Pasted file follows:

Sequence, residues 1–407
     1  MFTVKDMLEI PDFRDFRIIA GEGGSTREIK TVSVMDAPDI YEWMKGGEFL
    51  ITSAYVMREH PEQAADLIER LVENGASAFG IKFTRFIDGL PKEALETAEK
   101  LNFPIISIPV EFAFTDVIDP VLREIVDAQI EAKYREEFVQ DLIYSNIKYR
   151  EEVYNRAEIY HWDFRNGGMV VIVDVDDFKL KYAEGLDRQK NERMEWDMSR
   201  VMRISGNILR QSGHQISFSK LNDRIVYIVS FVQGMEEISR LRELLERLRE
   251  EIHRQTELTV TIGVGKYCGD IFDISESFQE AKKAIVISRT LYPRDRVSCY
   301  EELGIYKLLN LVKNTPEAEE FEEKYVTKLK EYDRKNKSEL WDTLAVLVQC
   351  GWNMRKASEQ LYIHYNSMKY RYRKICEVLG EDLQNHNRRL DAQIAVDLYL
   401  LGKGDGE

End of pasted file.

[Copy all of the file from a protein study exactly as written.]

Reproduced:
Sequence, residues 1–407
     1  MFTVKDMLEI PDFRDFRIIA GEGGSTREIK TVSVMDAPDI YEWMKGGEFL
    51  ITSAYVMREH PEQAADLIER LVENGASAFG IKFTRFIDGL PKEALETAEK
   101  LNFPIISIPV EFAFTDVIDP VLREIVDAQI EAKYREEFVQ DLIYSNIKYR
   151  EEVYNRAEIY HWDFRNGGMV VIVDVDDFKL KYAEGLDRQK NERMEWDMSR
   201  VMRISGNILR QSGHQISFSK LNDRIVYIVS FVQGMEEISR LRELLERLRE
   251  EIHRQTELTV TIGVGKYCGD IFDISESFQE AKKAIVISRT LYPRDRVSCY
   301  EELGIYKLLN LVKNTPEAEE FEEKYVTKLK EYDRKNKSEL WDTLAVLVQC
   351  GWNMRKASEQ LYIHYNSMKY RYRKICEVLG EDLQNHNRRL DAQIAVDLYL
   401  LGKGDGE